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hoarding1

[hawr-ding, hohr-] /ˈhɔr dɪŋ, ˈhoʊr-/
noun
1.
the act of a person who hoards.
2.
hoardings, things that are hoarded.
Origin
1585-1595
1585-95; hoard + -ing1

hoarding2

[hawr-ding, hohr-] /ˈhɔr dɪŋ, ˈhoʊr-/
noun
1.
a temporary fence enclosing a construction site.
2.
British. a billboard.
Origin
1815-25; obsolete hoard (≪ Old French hourd(e) palisade made of hurdles < Germanic; compare German Hürde hurdle) + -ing1

hoard

[hawrd, hohrd] /hɔrd, hoʊrd/
noun
1.
a supply or accumulation that is hidden or carefully guarded for preservation, future use, etc.:
a vast hoard of silver.
verb (used with object)
2.
to accumulate for preservation, future use, etc., in a hidden or carefully guarded place:
to hoard food during a shortage.
verb (used without object)
3.
to accumulate money, food, or the like, in a hidden or carefully guarded place for preservation, future use, etc.
Origin
before 900; Middle English hord(e), Old English hord; cognate with Old Norse hodd, Old High German hort, Gothic huzd treasure; see hide1, hide2
Related forms
hoarder, noun
unhoarded, adjective
Can be confused
hoard, horde.
Synonyms
1. stockpile, reserve, cache, store, stock.
Dictionary.com Unabridged
Based on the Random House Dictionary, © Random House, Inc. 2014.
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Examples from the web for hoarding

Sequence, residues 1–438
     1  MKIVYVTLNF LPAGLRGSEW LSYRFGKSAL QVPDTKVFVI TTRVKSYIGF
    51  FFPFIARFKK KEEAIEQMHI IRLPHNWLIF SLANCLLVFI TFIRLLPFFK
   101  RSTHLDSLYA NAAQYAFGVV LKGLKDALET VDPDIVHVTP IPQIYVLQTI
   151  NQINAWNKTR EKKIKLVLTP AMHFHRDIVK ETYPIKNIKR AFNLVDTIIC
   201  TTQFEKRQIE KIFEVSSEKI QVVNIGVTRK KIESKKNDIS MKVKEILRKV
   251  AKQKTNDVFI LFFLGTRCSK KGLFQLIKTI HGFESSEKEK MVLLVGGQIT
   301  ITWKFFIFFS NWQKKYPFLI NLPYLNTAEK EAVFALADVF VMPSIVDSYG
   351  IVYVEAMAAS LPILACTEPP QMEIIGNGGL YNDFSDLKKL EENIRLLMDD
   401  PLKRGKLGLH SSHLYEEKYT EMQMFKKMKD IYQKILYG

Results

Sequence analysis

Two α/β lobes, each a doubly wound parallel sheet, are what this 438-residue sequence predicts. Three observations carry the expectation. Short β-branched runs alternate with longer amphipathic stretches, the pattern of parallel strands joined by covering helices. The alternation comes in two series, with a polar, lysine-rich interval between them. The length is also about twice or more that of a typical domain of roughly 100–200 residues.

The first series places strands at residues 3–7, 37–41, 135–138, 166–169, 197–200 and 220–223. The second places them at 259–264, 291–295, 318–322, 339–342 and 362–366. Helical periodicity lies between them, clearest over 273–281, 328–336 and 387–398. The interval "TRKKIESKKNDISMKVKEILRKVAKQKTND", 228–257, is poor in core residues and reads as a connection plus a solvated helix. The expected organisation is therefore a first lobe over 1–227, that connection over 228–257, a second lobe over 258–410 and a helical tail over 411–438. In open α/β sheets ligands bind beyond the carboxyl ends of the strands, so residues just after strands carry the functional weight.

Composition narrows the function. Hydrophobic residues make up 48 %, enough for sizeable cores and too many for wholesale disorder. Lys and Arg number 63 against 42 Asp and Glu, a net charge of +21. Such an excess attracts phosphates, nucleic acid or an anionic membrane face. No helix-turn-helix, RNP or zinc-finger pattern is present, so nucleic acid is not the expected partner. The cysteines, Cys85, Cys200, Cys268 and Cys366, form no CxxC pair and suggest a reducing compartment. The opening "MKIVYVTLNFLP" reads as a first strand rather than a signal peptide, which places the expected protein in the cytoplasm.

• The cut-off date is intended in part to prevent hoarding.
  • From everything you've said, the hoarding is only going to escalate over time, regardless.
  • Whatever brought on the initial shock, hoarding now is exacerbating it.
  • Specially if hoarding of resources by a few results in suffering by others.
  • hoarding horrifies me, perhaps in part because it is profoundly ugly.
  • In the corporate world such hoarding leads to lost profits.
  • No need to hide out in the woods, hoarding emergency rations and ammo.
  • Perhaps that hoarding is an insurance against unpredictable government.
  • Lake took to the challenge of exposing fakes with the same zeal he's shown in hoarding miniature liquor bottles.
  • On the other hand, it seems that many firms are hoarding labour.
British Dictionary definitions for hoarding

hoarding

/ˈhɔːdɪŋ/
noun
1.
a large board used for displaying advertising posters, as by a road Also called (esp US and Canadian) billboard
2.
a temporary wooden fence erected round a building or demolition site
Word Origin
C19: from C15 hoard fence, from Old French hourd palisade, of Germanic origin, related to Gothic haurds, Old Norse hurth door

hoard

/hɔːd/
noun
1.
an accumulated store hidden away for future use
2.
a cache of ancient coins, treasure, etc
verb
3.
to gather or accumulate (a hoard)
Derived Forms
hoarder, noun
Usage note
Hoard is sometimes wrongly written where horde is meant: hordes (not hoards) of tourists
Word Origin
Old English hord; related to Old Norse hodd, Gothic huzd, German Hort, Swedish hydda hut
Collins English Dictionary - Complete & Unabridged 2012 Digital Edition
© William Collins Sons & Co. Ltd. 1979, 1986 © HarperCollins
Publishers 1998, 2000, 2003, 2005, 2006, 2007, 2009, 2012
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Word Origin and History for hoarding

hoard

n.

Old English hord "treasure, valuable stock or store," from Proto-Germanic *huzdam (cf. Old Saxon hord "treasure, hidden or inmost place," Old Norse hodd, German Hort, Gothic huzd "treasure," literally "hidden treasure"), from PIE root *(s)keu- "to cover, conceal" (see hide (n.1)).

v.

Old English hordian, cognate with Old High German gihurten, German gehorden, Gothic huzdjan, from the root of hoard (n.). Related: Hoarded; hoarding.

Online Etymology Dictionary, © 2010 Douglas Harper
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